Advocates For Elijah McClain, Murdered by Colorado Police, Reportedly Face Attacks from Police, Prosecutors

Black Star News, National Committee for Justice in Denver, police targeting racial justice advocates, 2019 murder of Elijah McCl

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The following commentary is by the National Committee for Justice in Denver which is reporting that police have been targeting and retaliating against racial justice advocates who have been speaking out against the 2019 murder of Elijah McClain by cops in Aurora, Colorado.

People all over the country are learning about the explosive new report just out in Aurora, CO which concluded that the Aurora Police’s entire encounter with Elijah McClain which ended in his death was unjustified.

What is not being talked about in most media coverage is that the organizers who led the massive peaceful protests which forced this report to be commissioned are still facing as many as 48 years in prison.

The city of Aurora commissioned the independent investigation that produced the report in July of 2020 after weeks of massive peaceful protests demanding accountability for the murder of Elijah McClain. (Similarly, the Colorado Attorney General’s investigation which is still ongoing was commissioned around the same time in response to the same public pressure.)

The activists who organized the protests that have made Elijah McClain’s case an international issue are facing fierce state retaliation from the very police and prosecutors responsible for the murder of McClain and its coverup.

On September 17, without warning, leaders of the peaceful protest movement in Aurora were suddenly and dramatically arrested at their homes, while driving, while jogging in a park. Police arrived at one organizer’s house with a SWAT team and a tank, dragging him out in front of his neighbors.

These activists were then taken to jail, where three of them—Lillian House, Joel Northam, and Eliza Lucero—were held for eight days in degrading conditions in COVID-ridden jails before they were finally allowed a bond hearing. They now face dozens of false charges that could put them behind bars for as many as 48 years. They are criminally charged for every protest they led in Aurora for Elijah McClain, ranging back to June 27, despite the fact that the protests led by these organizers were consistently nonviolent, mass, community-based demonstrations.

The same corruption and collusion among the police and prosecutors detailed in the new report is the same corruption at play in this political prosecution. The charges the organizers face were filed by two Aurora district attorneys—Dave Young, the district attorney who declined to file charges against the police officers who killed Elijah McClain, and George Brauchler, who declined to file charges against a man who attempted to drive his Jeep into a crowd of peaceful protesters.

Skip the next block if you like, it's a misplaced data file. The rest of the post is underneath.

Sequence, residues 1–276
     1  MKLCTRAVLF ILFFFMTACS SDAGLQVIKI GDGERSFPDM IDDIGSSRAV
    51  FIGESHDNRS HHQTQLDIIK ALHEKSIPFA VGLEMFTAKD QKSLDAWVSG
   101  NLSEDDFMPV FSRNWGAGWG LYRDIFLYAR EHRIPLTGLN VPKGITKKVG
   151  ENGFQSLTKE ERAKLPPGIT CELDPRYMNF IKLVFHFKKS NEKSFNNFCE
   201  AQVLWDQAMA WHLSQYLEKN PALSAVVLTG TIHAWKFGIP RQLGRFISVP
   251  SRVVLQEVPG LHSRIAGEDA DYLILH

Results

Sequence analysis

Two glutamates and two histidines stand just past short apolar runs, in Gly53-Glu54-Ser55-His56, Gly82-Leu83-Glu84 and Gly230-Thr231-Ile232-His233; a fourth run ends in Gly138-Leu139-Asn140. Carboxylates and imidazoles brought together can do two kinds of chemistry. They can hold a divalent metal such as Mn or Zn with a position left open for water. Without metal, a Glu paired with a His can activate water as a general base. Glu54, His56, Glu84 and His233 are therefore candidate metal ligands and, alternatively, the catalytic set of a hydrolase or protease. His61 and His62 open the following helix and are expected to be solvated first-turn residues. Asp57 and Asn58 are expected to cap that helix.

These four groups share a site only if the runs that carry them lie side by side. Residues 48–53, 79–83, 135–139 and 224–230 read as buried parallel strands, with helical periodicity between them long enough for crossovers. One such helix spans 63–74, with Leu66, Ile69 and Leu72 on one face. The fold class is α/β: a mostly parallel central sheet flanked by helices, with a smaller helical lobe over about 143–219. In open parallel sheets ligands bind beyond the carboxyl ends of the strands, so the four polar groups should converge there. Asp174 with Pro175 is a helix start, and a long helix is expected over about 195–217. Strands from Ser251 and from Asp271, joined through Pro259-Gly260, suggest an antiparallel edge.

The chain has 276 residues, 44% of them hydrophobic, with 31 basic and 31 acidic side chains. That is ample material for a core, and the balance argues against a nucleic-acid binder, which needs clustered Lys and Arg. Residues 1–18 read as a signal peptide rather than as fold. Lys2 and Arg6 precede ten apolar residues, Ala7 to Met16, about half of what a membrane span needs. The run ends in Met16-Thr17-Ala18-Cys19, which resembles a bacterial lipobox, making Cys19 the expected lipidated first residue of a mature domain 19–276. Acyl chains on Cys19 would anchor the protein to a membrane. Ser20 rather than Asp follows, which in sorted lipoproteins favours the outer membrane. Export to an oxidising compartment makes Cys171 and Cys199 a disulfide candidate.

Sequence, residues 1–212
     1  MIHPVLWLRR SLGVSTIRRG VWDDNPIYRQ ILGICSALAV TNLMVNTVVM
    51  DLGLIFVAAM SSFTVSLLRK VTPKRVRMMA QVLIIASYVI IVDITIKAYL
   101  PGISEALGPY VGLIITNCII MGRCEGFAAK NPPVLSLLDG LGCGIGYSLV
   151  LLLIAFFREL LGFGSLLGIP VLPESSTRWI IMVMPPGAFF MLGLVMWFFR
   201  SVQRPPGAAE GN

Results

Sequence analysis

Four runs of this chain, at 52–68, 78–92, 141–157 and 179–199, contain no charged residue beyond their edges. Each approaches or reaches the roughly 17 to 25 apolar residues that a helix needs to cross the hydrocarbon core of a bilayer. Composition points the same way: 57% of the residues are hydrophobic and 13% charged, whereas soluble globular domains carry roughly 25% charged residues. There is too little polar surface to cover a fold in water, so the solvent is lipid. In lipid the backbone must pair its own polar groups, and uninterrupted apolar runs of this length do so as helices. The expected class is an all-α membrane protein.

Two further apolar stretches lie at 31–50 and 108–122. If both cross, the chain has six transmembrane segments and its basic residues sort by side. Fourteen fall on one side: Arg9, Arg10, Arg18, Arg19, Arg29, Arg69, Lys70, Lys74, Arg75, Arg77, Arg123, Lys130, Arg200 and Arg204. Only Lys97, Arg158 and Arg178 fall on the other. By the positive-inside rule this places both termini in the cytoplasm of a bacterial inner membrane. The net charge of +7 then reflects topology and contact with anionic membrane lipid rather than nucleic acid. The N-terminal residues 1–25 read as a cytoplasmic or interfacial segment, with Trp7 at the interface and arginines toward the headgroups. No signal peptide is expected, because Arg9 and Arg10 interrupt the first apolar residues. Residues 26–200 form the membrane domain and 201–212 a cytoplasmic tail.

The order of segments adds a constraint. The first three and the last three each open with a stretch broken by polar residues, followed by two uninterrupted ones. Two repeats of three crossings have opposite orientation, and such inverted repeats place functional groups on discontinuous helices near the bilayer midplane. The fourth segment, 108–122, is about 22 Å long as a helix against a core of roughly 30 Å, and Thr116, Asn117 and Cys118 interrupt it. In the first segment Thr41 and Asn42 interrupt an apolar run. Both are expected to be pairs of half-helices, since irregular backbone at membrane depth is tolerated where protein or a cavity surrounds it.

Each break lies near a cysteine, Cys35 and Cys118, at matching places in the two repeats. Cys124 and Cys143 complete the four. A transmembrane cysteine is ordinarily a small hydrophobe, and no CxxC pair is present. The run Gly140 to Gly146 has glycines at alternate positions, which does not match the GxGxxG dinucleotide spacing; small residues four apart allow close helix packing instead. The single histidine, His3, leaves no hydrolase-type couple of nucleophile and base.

Two of the three cops who killed Elijah McClain and both paramedics involved in the administration of the ketamine are still employed by the city of Aurora and none have faced charges! Aurora Police Chief Vanessa Wilson, in a press conference following the release of the report, would not even commit to disciplining the two remaining killer cops on APD’s force.

The sole officer who did lose his job was fired in July after it was leaked that he had participated in a photo scandal involving three other APD officers who had taken selfies at the site where Elijah was brutalized, mocking the carotid chokehold used on him. Jason Rosenblatt was on record texting “haha” in response to the photos.

Meanwhile, the targeted peaceful protest leaders head to an arraignment hearing in Arapahoe County on March 1 and a preliminary hearing in Adams County on March 9. (Their charges span two Aurora counties where they led peaceful protests for McClain.) This political prosecution is perhaps the most extreme to come out of the summer of protest against racist police violence, yet is getting next to no media attention.

Nonetheless, this case has raised alarms for major constitutional and civil rights voices, legal scholars, social justice activists, labor leaders, and justice-minded people generally both in the Denver-Aurora area and nationally, who recognize the total injustice and the far-reaching implications of this case and have spoken out about this case. Tens of thousands of individuals and organizations have signed on to the demand to drop the charges.

View the website of the National Committee for Justice in Denver at to learn more about the nationwide mobilization calling on the Aurora district attorneys to stop the political prosecution of peaceful protesters for justice.

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